While Paul George's ability to match LeBron James' output on the offensive end is crucial to the Indiana Pacers' chances of taking out the Miami Heat and advancing to the NBA Finals this summer, Roy Hibbert's play around the rim is the biggest key of all for Frank Vogel's squad.
You can't turn on the television without hearing someone second-guessing Vogel and his decision to leave Hibbert on the bench at the end of Game 1.
And while it is far too late to ask "what if?" there's definitely a strong case to be made as to why Hibbert should have been in the game. Either way, you can bet he'll be standing tall in the paint if Indiana finds itself in a similar situation down the road.
A Defensive Player of the Year candidate in 2012-13, Hibbert has emerged as one of the top interior defenders in the game today. While his offensive game is still developing, Hibbert's shot-blocking and rebounding prowess has made him a key player for Indiana.
Now, those attributes make him the key to a potential NBA Finals berth.
In their Eastern Conference finals series with the Heat, the Pacers will need to call upon Hibbert more often on both ends of the court. The reason is simple. Miami doesn't possess a post scorer or defender who can score on Hibbert or consistently stop him from scoring.
Establishing Hibbert early on the offensive end is a great way to get the big fella going and to perhaps put Miami in early foul trouble.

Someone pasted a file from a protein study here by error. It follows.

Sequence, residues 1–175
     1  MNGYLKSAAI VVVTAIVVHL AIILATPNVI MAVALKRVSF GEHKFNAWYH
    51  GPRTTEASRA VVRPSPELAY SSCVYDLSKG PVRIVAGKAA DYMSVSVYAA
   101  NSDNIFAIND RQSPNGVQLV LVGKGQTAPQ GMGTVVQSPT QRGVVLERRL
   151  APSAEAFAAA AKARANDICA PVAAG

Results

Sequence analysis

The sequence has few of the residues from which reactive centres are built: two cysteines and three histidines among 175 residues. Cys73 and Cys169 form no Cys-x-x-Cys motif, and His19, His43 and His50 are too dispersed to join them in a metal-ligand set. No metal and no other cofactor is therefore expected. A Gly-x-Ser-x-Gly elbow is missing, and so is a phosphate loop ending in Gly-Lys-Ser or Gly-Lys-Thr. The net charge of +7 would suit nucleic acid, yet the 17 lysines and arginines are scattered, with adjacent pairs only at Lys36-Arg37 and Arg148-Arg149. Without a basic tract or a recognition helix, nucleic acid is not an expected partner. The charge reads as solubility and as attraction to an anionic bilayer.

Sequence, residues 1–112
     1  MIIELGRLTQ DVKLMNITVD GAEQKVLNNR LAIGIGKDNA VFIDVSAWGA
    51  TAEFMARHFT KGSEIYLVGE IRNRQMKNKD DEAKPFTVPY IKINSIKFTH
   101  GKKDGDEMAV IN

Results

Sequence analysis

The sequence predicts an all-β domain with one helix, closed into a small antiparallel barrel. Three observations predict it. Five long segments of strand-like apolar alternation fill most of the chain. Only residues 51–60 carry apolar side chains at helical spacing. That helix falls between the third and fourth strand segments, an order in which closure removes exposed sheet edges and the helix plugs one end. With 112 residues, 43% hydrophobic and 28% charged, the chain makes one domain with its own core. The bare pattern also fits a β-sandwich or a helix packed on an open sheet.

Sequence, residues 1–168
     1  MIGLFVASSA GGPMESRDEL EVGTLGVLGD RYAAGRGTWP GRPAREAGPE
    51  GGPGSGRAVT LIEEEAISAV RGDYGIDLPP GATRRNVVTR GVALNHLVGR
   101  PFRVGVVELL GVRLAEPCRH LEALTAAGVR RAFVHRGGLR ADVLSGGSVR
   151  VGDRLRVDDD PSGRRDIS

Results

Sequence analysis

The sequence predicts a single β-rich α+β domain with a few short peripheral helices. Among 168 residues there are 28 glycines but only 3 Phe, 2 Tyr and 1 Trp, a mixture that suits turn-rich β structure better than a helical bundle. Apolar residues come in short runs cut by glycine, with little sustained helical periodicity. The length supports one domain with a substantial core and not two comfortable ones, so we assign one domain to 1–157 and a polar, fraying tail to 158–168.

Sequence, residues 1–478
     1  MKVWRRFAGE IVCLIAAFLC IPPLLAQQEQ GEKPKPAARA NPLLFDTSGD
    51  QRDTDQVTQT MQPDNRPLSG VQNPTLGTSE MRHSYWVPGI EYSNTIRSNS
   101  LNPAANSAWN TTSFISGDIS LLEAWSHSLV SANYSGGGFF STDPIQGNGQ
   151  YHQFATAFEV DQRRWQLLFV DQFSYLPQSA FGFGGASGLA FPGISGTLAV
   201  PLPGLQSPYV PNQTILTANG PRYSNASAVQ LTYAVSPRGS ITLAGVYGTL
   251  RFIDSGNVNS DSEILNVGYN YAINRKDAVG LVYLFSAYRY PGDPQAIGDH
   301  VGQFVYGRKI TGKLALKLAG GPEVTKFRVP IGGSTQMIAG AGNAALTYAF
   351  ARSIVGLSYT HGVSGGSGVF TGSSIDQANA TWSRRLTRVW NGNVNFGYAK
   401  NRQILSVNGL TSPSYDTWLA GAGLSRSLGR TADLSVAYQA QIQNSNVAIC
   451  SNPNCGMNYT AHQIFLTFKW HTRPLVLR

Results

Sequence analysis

Plus, if Hibbert is involved in the offense, it's nearly impossible for him not to be on the defensive end. In addition to averaging 14.4 points and 9.5 rebounds per game this postseason, Hibbert is averaging 2.5 blocked shots per game in these playoffs.
He blocked 19 shots in six games against the New York Knicks in the conference semifinals.
There's definitely no questioning Hibbert's effort out on the floor either. A poor stretch of play on offense isn't going to make him invisible on defense.
Which area must Roy Hibbert impact most vs. the Heat?
Therefore, Hibbert's performance around the rim, both offensively and defensively will be pivotal for the Pacers the rest of the way against the Heat. While Chris Bosh's perimeter-oriented game can give Hibbert trouble, Bosh has no answers for Indiana's big man on the other end.
The former Georgetown star is the one player who can exploit Miami's seemingly one and only weakness. After all, without Hibbert on board, the Pacers wouldn't have ranked first and second in the NBA in rebounds (45.9 per game) and points allowed (90.7 per game) respectively this past regular season.
Roy Hibbert scored 19 points on 9-of-18 shooting from the field and picked up nine rebounds in Wednesday's gut-wrenching Game 1 loss in South Beach. And considering the question being asked is how Indiana blew what should have been a series-opening victory, that level of production from the fifth-year center is enough to power the Pacers past the Heat.
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